This year voters will cast their ballots on only four statewide ballot questions. An estimated eleven citizen initiatives were proposed for the 2010 ballot however, none qualified for the ballot. At least three of the eleven initially proposed initiatives announced that they planned to file for the 2012 ballot. In 2010, however, voters will voice their opinions about judicial reform, eminent domain and taxes. All four certified measures were legislatively-referred.
Question 1 and Question 2 both relate to judicial reform. Question 1 calls for establishing a judicial selection panel and system for the appointment of Supreme Court justices and District Court judges. Question 2 on the other hand would establish an intermediate appellate court.
The remaining two questions relate to taxes and eminent domain. Question 3 proposes allowing lawmakers to make certain tax changes without going to a vote of the people, while Question 4 would prohibit the taking of private property if it is to be transferred to a private party.
As in 2008, the New Mexico ballot will be filled with nine ballot measures. Five of those measures are legislatively-referred constitutional amendments and four are legislatively-referred state statutes.
Two of the amendments on the ballot deal with veterans in the state, as Amendment 1, if approved, would allow resident tuition eligibility to be granted to veterans of U.S. armed forces in the New Mexico's higher education institutions. Amendment 4 would exempt veterans' organizations from property taxes. The organizations, according to the proposal, would have to be chartered by the United States Congress, and would have be used only for veterans and their families.
The subject of term limits will also be on the ballot, as Amendment 2 would extend term limits to the state's county officials. Under the proposal, also known as Senate Joint Resolution 5, county officials could not run for office right away after completion of a second term.
The four bond issues that will be found on the ballot deal with general obligation bonds. Those bonds would be used for senior citizen facilities, library acquisitions and capital improvements at public libraries, public school facility improvements acquisitions and capital improvements at institutions of higher education.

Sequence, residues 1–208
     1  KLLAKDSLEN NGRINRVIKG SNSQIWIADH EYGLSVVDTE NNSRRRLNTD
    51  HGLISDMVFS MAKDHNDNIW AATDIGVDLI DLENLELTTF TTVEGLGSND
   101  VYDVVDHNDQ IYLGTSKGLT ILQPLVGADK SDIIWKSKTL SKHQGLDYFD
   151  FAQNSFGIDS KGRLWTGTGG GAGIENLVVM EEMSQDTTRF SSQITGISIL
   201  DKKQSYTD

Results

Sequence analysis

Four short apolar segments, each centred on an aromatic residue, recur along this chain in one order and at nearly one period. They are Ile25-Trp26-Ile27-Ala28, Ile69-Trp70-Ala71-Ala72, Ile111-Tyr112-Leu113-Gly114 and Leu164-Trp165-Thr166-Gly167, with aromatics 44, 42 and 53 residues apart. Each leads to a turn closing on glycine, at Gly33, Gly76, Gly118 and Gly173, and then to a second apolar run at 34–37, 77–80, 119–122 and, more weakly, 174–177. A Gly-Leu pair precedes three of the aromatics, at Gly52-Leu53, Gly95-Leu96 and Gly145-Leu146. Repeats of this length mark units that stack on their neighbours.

One could not look at the Oklahoma ballot this November and skip over State Question 744, the most talked about measure of the eleven questions on the general election ballot. The measure is known by its supporters as the Helping Oklahoma Public Education Act. If it is approved by a majority of Oklahoma voters, it will amend the Oklahoma Constitution to require the Oklahoma State Legislature to fund public education to at least the per-pupil average of neighboring states.
Proponents have drawn a correlation between school funding and economic competition with nearby states noting that Oklahoma is last among that region. According to Walton Robinson, communications director for YES on 744, the main campaign for the passage of the measure: "While Arkansas continues increasing its commitment to children, Oklahoma has cut more than $200 million for schools. We need to vote for SQ 744 in November so that we can take control of education investment away from career politicians and bureaucrats and give it to the local parents, teachers and school board members who know what is best for their kids."
The One Oklahoma Coalition is the main campaign against SQ 744, which is made up of broad based nonpartisan groups such as farmers, ranchers, businessmen and women, and public employees. Opponents argue that if the measure is passed it could be costly to the state. Governor of Oklahoma Brad Henry stated his opposition to the measure, saying, "I can tell you from experience that if State Question 744 passes, it will absolutely devastate the budget of all other critical areas of the state budget. And we can simply not allow that to happen."